Media Advisory - Regents Present Awards to 12 Faculty Members

April 5, 2001

Regents Present Awards to 12 Faculty Members for Mentoring, Public Service, Teaching, Research, Scholarship, and Creative Activity

At its April 6 meeting at the University of Maryland, Baltimore, County (UMBC), the University System of Maryland Board of Regents will present the Regents' Faculty Awards for Excellence. This year, the Regents will recognize 12 faculty members from institutions across the USM for their outstanding contributions in one of six areas: mentoring, public service, teaching, research, scholarship, and creative activity.

"These 12 educators, recommended by the Regents Faculty Award Committee, are the standard-bearers for the mission of higher education," said Nathan A. Chapman, Jr., chairman of the Board. "They have shown exemplary dedication in their chosen disciplines, and the Board is pleased to bestow its highest honor upon them."

Each award recipient will receive $1,000 and a plaque of recognition for the honor.

The Board of Regents established the Faculty Awards in 1995 to publicly recognize distinguished performance by educators and researchers within the University System. The Regents Faculty Award Committee, comprised of faculty from the USM's research and comprehensive institutions as well as one member from the System office staff, receives nominations from the president of each institution, along with the nominees' portfolios. The portfolios provided documentation of outstanding performance in the award category for which the faculty member was nominated. Each nominee must have served as a USM faculty member for at least five years.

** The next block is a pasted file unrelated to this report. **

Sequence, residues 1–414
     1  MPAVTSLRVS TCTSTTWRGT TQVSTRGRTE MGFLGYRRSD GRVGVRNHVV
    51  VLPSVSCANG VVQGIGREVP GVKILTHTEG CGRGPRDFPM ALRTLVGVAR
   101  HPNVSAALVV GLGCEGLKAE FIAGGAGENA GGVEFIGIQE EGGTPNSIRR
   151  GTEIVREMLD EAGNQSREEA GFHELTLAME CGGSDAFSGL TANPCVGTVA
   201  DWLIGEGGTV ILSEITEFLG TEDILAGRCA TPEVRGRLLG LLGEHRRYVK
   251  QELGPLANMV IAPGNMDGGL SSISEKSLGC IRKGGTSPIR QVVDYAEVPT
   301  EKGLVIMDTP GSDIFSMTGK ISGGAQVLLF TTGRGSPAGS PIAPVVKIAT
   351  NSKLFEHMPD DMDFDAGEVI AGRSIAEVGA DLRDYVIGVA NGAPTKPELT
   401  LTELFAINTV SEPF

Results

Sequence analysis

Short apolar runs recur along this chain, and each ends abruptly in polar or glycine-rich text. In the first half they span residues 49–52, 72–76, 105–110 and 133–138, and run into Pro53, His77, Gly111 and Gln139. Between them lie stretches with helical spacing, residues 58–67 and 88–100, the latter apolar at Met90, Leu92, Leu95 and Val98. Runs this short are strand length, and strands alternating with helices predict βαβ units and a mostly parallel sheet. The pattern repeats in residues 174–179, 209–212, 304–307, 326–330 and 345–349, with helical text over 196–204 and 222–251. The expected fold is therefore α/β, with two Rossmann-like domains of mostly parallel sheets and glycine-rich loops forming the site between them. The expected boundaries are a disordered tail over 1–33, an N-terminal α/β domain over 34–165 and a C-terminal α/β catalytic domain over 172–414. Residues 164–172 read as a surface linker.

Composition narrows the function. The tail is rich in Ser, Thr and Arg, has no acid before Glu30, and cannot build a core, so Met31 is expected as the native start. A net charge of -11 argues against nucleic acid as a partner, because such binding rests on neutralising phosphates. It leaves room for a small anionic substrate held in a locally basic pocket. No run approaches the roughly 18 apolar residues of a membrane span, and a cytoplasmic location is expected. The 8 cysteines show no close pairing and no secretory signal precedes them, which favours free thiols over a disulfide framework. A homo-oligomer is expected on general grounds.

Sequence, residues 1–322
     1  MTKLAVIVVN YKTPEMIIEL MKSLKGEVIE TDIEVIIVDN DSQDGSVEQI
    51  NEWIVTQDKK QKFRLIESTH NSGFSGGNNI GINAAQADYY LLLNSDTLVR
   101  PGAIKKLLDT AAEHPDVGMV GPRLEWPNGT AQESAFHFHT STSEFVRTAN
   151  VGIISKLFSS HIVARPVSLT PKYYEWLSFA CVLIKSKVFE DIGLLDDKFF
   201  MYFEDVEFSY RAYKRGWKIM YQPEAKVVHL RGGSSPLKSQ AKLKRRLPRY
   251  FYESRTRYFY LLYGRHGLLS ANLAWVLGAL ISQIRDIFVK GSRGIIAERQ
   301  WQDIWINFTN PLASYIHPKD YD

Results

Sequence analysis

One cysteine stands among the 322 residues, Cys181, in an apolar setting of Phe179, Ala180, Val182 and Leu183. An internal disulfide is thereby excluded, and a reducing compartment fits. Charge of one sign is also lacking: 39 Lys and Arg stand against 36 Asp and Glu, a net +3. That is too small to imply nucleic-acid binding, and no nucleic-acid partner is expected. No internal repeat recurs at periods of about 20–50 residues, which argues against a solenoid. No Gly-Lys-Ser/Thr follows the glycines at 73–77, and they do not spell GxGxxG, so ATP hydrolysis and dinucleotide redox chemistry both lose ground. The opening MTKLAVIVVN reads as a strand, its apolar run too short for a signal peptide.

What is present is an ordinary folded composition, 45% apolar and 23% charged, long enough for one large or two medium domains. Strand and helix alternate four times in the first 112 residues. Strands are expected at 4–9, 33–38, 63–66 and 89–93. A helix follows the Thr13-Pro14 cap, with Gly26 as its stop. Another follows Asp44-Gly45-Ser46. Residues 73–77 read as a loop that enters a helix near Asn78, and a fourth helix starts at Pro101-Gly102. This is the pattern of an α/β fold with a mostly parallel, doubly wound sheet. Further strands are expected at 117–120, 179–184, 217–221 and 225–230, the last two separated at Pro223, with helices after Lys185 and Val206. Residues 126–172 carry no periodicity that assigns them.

This year's award winners for Excellence in Mentoring are:
  • Robert J. Bloch, professor in the Department of Physiology at the School of Medicine, University of Maryland, Baltimore. Since 1991, Bloch has directed a training program supporting graduate students in anatomy and neuroscience, biochemistry, pharmacology, physiology, and microbiology. Through this training program, funded by the National Institutes of Health (NIH), students are provided with stipends and, most importantly, valuable time with their professor. Bloch has mentored pre-doctoral and post-doctoral trainees as well as junior faculty members throughout his career. Just recently, he began an effort to obtain NIH funding for the recruitment and retention of minority graduate students at UMB.

  • Robert H. Deluty, professor in the Department of Psychology at the University of Maryland, Baltimore County. Director of clinical training, Deluty has led the development of the clinical psychology track within UMBC' s Human Services Psychology doctoral program. He has provided ample research opportunities for undergraduates, and mentored graduate students. His students have gone on to win competitive internships and develop rewarding clinical careers.